Ng says as a result, the project team successfully brought forward the commissioning of temporary driving test centre. ‘This allowed earlier decommissioning of the existing test centre, which enabled us to proceed with site formation works a full year earlier than planned.’ 

Effective management of early warnings 

He says to facilitate fast and effective communications among the project team, an MiC site office was designed for joint use. ‘The colour design of the site office, with a combination of white, blue, green and orange that represented the client, project manager, supervisor and contractor respectively, symbolised a spirit of joint commitment, collaboration and mutual trust within the project team.’ 

Ng says the project team also performed excellently in risk reduction and upheld openness in handling NEC early warnings. ‘These are very powerful tools in NEC contracts to promote collaboration as well as avoiding unnecessary disruption to the works.’

He says as a result of maintaining collaborative approaches, the project team managed to swiftly align on mitigation measures against various potential risks, and clear uncertainties on works scope and site information once identified. ‘The number of early warnings also significantly dropped, from 49 in month 4 to just 2 in month 19.’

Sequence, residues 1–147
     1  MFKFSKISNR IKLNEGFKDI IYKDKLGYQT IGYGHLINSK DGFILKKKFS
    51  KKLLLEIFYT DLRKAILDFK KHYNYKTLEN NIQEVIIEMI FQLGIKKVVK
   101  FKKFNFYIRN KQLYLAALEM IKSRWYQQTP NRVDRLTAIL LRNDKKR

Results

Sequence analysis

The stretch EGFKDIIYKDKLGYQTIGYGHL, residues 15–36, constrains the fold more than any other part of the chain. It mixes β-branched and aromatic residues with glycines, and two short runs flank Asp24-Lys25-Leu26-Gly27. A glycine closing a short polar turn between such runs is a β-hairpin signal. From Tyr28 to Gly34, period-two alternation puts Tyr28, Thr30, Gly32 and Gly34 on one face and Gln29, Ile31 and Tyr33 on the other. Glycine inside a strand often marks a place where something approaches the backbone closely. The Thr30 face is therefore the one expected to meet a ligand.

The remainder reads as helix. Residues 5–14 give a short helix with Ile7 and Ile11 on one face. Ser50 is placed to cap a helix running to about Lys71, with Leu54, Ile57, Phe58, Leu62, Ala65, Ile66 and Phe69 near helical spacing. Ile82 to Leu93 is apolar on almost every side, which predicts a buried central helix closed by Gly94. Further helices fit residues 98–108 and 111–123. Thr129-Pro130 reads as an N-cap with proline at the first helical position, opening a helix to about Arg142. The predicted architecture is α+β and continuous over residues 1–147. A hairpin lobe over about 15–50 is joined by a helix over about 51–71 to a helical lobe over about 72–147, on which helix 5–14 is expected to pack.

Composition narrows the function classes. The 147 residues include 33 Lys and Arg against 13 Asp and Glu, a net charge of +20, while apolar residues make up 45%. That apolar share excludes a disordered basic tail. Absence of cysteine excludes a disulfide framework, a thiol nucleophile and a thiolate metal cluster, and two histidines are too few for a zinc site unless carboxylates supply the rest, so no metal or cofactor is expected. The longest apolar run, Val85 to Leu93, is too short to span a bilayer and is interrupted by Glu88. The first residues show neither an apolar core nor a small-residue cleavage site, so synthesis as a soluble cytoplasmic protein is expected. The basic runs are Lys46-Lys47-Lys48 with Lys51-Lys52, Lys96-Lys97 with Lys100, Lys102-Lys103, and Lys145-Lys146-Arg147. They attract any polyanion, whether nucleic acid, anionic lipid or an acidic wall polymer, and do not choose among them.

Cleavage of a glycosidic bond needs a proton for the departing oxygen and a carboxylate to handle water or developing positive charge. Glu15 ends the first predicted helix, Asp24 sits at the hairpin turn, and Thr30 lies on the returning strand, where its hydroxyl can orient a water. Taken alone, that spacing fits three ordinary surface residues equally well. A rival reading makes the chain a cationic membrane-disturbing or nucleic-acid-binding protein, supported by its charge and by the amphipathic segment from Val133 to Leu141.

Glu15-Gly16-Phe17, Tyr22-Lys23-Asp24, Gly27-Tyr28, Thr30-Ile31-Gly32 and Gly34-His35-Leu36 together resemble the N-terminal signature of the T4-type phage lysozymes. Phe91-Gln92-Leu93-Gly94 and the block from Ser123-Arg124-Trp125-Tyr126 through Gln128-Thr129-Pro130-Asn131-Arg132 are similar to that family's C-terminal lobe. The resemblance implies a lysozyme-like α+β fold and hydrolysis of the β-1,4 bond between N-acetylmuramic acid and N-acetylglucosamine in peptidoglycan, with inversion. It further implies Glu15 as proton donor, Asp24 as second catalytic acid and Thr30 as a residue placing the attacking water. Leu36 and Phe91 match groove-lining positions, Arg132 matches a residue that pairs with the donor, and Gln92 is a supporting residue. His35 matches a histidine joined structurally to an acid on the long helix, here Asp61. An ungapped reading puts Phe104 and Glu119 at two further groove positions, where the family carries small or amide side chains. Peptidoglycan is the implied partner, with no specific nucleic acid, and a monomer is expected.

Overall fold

For example, Ng says as soon as construction started, the contractor pointed out in an early warning meeting that the site area was very limited and would greatly restrain the manoeuvrability of dump trucks and scope for mobilising more construction plant to increase work fronts within the site. ‘As Chak On Road South running through the site was mostly used by public vehicles for driving practice and by Water Supplies Department (WSD) and Drainage Services Department (DSD) maintenance vehicles to access their nearby depots, the contractor proposed full closure of the road for temporary use as a works area during construction, while allowing access for pedestrians and maintenance vehicles.’ 

He says the project team recognised the significant merits of the proposal and swiftly reached a consensus. ‘The team mobilised joint efforts to lobby for, and successfully secure, support and consent from various stakeholders and authorities, including WSD, DSD, TD, Police, local community groups and so on to the proposal within just a couple of weeks. As a result of the road closure, the progress of works was very smooth and significantly ahead of schedule.’

Managing water main diversion and burst risks

Ng says another major challenge was the diversion of a section of 1.8 m diameter fresh water main cutting through the middle of the site. ‘It is a main water supply to the Sham Shui Po and Mong Kok districts serving some 330,000 people.’ 

He says the project team took the initiative to liaise with WSD at the early stages to identify construction risks associated with the mains diversion works and draw up appropriate mitigation measures. ‘To this end, the project team proactively and collaboratively worked with HD and WSD to explore different options for diversion, handover of the formed site to HD in phases and redistribution of water supply zones during connection works so as to eliminate potential risks of water suspension.’